Distance Education in Agricultural Economics: Perceptions of Department Heads
Jensen, Kim, English, Burton, Clark, Christopher, Journal of Agricultural and Applied Economics
Heads of agricultural economics and agribusiness departments across the United States are surveyed to develop an inventory of distance education (DE) offerings by their departments. Perceived challenges, strategies for use, and future plans for DE are assessed. While the majority of the responding departments offer DE, the department heads believed that faculty time costs to develop/deliver DE are high relative to traditional delivery and that both strategic plans for implementing DE and financial incentives for faculty to adopt DE are lacking. The department heads did, however, have positive views about the technological ability of students to use distance courses.
Key Words: distance education
JEL Classifications: A2-Economics Education and Teaching of Economics
Introduction and Objectives
The development of distance education (DE), has, in large part, been driven by advances in communication technologies, that is, radio, television, and the Internet. These technological advances have prompted wildly enthusiastic predictions of both growth in distance education and fundamental changes in the nature of higher education. An overview of distance education development can be found in Barkley. To date, these technological changes have proven more evolutionary than revolutionary (Barkley; Moore 1997, 2003). However, each successive advance brings DE that much closer to being able to replicate the instructional methods traditionally employed in on-campus courses. The distinction between DE and on-campus instruction has also been blurred by the use of technological advances associated with the Internet in on-campus courses, primarily through asynchronous communication and online delivery of instructional material (Dahlgran; Howell, Williams, and Lindsay). In any event, the broad-based appeal of these new technologies is expected to increase demand for DE not only among its traditional clientele, that is, place-bound adult students, but also among on-campus students. The advantage of DE to traditional students lies primarily in increased convenience, as DE is now directed not only at students distanced by geography but also at those distanced by time.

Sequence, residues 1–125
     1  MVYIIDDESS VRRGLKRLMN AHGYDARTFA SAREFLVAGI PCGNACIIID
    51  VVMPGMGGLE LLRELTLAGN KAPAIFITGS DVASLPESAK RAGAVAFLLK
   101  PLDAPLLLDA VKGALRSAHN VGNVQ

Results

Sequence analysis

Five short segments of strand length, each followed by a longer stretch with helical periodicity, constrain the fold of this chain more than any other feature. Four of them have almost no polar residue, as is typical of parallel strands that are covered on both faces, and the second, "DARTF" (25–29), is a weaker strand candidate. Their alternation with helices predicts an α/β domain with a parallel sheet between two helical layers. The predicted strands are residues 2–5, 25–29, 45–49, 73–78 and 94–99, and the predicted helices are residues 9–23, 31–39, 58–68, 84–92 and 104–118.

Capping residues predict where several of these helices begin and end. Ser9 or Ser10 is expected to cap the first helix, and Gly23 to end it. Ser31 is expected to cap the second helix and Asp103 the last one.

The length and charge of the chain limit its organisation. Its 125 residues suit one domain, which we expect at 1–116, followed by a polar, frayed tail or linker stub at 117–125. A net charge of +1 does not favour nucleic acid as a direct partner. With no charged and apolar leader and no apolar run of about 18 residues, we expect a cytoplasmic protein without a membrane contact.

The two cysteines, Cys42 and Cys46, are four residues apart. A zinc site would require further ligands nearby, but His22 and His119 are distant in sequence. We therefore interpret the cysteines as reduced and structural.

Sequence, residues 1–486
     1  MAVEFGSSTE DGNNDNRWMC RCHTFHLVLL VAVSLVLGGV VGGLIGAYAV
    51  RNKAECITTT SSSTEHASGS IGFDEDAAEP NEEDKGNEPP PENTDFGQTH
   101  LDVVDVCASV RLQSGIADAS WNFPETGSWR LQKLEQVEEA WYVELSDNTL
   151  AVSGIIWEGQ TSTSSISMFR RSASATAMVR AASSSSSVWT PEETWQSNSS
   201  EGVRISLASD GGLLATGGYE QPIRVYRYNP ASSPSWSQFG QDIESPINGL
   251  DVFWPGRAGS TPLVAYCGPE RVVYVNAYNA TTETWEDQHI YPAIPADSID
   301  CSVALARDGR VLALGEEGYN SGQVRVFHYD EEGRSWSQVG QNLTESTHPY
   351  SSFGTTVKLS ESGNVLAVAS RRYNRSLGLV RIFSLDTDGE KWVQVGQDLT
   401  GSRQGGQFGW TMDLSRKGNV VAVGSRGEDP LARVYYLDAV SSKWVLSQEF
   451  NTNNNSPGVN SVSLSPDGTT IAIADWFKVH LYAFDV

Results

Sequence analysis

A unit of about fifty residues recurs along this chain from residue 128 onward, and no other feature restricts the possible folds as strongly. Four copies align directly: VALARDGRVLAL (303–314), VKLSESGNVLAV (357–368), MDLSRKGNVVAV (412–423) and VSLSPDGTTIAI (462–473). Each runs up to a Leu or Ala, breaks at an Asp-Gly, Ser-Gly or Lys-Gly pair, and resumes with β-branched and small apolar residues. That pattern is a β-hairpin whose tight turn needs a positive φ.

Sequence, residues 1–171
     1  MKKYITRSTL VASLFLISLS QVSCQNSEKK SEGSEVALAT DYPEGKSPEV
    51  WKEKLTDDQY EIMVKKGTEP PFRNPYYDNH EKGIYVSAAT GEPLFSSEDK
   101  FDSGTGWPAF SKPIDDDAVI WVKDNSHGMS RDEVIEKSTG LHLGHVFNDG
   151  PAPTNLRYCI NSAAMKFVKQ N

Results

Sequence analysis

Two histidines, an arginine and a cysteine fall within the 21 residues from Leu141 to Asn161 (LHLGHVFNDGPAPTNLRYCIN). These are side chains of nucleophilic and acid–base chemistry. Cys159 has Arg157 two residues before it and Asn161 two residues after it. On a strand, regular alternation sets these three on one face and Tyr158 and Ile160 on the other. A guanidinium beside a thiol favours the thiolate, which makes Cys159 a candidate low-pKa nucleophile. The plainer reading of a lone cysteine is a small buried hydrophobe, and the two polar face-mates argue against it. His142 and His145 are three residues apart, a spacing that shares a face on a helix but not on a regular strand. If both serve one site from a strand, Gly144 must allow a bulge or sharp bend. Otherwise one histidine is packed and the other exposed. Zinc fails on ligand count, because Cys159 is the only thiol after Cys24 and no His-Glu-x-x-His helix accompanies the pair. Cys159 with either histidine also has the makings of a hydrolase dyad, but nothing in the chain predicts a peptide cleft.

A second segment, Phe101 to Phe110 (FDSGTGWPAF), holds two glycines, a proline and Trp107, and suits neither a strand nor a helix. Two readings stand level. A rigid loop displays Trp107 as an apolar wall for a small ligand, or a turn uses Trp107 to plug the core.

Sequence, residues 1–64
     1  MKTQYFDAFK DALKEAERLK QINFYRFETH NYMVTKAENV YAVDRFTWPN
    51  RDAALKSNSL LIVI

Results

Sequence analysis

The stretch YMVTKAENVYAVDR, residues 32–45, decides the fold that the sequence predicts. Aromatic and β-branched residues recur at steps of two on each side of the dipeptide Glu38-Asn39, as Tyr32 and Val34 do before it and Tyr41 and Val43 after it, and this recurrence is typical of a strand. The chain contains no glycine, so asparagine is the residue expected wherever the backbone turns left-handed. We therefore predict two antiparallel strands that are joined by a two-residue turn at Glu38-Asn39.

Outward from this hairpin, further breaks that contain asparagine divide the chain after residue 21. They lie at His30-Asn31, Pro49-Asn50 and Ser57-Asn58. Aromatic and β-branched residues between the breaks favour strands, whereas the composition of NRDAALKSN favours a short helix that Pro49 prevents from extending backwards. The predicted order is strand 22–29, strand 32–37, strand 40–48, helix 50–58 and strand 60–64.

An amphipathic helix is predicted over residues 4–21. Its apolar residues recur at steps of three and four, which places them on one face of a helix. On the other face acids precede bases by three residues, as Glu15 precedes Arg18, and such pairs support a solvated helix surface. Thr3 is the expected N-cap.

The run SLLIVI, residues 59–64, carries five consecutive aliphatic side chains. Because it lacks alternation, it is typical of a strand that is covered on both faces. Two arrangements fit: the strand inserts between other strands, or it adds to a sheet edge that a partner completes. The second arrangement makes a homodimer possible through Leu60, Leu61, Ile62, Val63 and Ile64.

The objective of this study is to provide a snapshot of the increased role of DE within agricultural economics departments. More specifically, this study develops an inventory of DE offerings by agricultural economics and/or agribusiness departments across the United States, measures perceived challenges to offering DE, assesses strategies for use, and ascertains departments' plans for future DE offerings. The role of DE across the spectrum of undergraduate courses, graduate courses, and extension programs is also analyzed. To obtain information required for the study, heads of agricultural economics and/or agribusiness departments across the United States were surveyed by mail to obtain their percep- tions of the types of distance offerings, including course topics and levels; the primary users of the department's distance materials; whether any distance offerings have been dropped and why; plans for future distance offerings; the adequacy of financial resources and technical support for distance offerings; faculty perceptions of DE and reward systems for authoring and offering distance materials; student or user learning through distance formats; and departmental strategies for using DE. However, prior to discussing the implementation of and responses to this survey, some background on DE is provided, including a review of relevant research.
Previous DE Research
DE has been defined as "institution-based, formal education where the learning group is separated, and where interactive telecommunication systems are used to connect learners, resources, and instructors" (Keegan). While the origins of DE can be traced back to the early 180Os, the nation's colleges and universities did not begin offering DE until the advent of the rural mail delivery system in the late 180Os. …